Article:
“If you’re looking for zebras, you’re going to find horses,” says Brian. “If you go into a room looking for the worst-case scenario, then you’ll find the normal. I think if you go in with the scenario of what’s the worst it could be, you’re covering all your bases.” Jyll and Cheri nod in agreement and Brian explains that working your way backward often gets to a resolution quicker instead of “needling” your way forward.
Besides sharing the same philosophy and approach to patient care, the three alums also agree supporting their alma mater is important, especially since a large portion of Alaska’s medical community is getting ready to retire and the nation is shifting into new health care laws. Jyll says she hopes more young people go into nursing and her colleagues echo her sentiment.
Training the newbies on Affordable Health Care
“I always try to convince people who don’t know what they want to be when they grow up and say, ‘How about nursing?’” says Jyll. She loves her job and encourages her support and administrative staff to pursue nursing, while also opening her clinic to current UAA nursing students to do clinical rotations. Jyll, Cheri and Brian say their UAA education was a positive experience and provided a strong base for their careers through hands-on learning and professor support. Now that they’re in the position to help train and hire new nursing grads, they want to pay forward the encouragement and real world education they received as graduate students.
“Going to school at UAA and meeting the instructors there really tapped me into the community of nursing and health care in Alaska,” say Jyll. “Oddly a lot of the people who did my clinical rotations have retired and it’s amazing to see that they’re referring their clients back to see me—their student from 2002.”
Brian adds, “Going into advanced practice, which is something I wanted to do to have a little more control over what I want to do for my patients, I think is a great career choice.” He encourages students in the nursing program to work in a medical office, like myHealth Clinic, to get their foot in the door, learn the ropes and to determine if nursing is right for them. He loves that nursing offers so many options and if someone gets burnt out in one field, it’s easy to switch directions.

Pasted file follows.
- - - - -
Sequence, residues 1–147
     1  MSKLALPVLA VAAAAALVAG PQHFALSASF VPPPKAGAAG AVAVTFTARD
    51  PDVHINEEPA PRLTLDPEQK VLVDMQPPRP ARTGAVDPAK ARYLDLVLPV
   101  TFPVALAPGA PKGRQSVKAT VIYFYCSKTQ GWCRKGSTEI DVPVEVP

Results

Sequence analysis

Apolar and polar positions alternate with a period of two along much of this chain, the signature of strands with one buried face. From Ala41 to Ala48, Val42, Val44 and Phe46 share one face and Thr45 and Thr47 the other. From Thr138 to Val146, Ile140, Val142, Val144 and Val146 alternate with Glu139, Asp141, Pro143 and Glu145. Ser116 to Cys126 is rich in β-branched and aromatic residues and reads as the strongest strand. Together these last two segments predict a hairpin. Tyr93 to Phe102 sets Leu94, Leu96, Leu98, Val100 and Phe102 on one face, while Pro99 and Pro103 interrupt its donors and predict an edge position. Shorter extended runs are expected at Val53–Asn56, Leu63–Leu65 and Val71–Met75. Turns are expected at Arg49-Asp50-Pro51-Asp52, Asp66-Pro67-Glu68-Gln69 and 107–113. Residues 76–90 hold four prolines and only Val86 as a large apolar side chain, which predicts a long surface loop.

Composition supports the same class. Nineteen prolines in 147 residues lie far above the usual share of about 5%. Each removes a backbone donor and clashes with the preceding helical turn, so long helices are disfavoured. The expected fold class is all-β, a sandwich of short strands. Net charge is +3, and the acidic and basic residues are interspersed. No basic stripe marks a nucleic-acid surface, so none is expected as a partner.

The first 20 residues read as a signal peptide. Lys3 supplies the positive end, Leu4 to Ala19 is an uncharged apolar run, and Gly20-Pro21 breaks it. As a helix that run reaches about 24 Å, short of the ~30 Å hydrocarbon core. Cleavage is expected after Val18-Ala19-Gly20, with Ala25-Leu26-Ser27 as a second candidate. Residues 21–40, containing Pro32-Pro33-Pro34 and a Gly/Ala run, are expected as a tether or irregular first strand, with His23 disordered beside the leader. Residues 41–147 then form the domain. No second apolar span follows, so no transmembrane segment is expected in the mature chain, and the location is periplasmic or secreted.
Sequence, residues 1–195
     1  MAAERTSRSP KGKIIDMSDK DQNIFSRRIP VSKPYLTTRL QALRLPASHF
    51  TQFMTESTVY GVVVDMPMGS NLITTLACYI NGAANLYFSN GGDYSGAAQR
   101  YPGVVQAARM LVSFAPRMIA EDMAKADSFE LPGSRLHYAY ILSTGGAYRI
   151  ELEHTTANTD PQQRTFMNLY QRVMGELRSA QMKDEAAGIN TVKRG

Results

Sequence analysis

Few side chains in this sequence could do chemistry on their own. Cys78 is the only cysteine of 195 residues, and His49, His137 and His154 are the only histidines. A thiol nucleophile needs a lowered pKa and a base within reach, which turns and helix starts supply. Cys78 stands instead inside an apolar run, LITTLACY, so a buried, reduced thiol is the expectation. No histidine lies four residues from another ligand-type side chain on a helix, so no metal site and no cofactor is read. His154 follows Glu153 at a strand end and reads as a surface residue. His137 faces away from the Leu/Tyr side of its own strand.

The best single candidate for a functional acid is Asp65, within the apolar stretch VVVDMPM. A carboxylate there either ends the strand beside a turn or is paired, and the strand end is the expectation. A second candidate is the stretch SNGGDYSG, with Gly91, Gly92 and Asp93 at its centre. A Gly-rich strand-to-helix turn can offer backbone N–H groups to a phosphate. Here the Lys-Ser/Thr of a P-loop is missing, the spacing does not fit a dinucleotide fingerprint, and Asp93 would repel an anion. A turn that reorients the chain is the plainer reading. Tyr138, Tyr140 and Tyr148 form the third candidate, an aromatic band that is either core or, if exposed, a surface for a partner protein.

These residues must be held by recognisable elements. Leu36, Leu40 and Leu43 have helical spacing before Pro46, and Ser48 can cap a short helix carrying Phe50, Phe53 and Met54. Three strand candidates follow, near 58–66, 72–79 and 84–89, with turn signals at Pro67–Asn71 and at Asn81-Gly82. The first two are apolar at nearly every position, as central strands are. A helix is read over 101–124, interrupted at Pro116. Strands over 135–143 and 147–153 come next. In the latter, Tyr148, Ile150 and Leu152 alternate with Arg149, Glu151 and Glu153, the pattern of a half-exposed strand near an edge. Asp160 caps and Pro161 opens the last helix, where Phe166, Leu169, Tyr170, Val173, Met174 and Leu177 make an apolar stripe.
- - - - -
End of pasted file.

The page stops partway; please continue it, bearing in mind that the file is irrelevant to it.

With the changes in health care coming down the pipe, Jyll realizes more than ever the importance of training a new workforce. She predicts a nursing shortage is on the horizon and that demand for health care professionals will not only rise exponentially in Alaska, but across the country.
“With the Affordable Health Care Act we’re going to see a lot of patients that are insured and it’s going to increase demands for primary care,” Jyll says. “The AHCA says to me, increase accessibility to health care, decrease overall health care expenditure and improve quality of care. And in that, there’s a huge piece about asking the patient to be involved in their own health care— to take some accountability.”
AHCA will bring a lot of changes and increased patient volume to myHealth Clinic, which Jyll says has already started happening, but she is committed to continue providing her clients with premiere primary health care.
Making a difference
The three nurses acknowledge their jobs are hard, with long hours and little downtime and realized soon into their careers they had chosen more than just a job. They committed to a life-long practice of dedicating themselves to caring for people’s quality of life.
“You’re changing people’s lives, whether you’re holding someone’s hand while they’re dying, doing compressions, helping crack a chest or giving medications for pain. It’s a huge responsibility—it’s not just a job—it’s your life,” says Brian. “It’s important. What’s more important than helping somebody?”
Though health care is changing in our country and state, Jyll, Brian and Cheri are in it for the long haul. They’re passionate about their jobs and really care about the patients they see day in and day out, forming relationships even after patients move out of state.
“I realty appreciate primary care because I feel like I can really make a huge difference. It gives you the chance to develop a rapport with your patients and their families,” says Jyll. “You actually see things progressing and you have follow-up, which was lacking in critical care. That to me is the biggest thing—having an impact in a positive way.”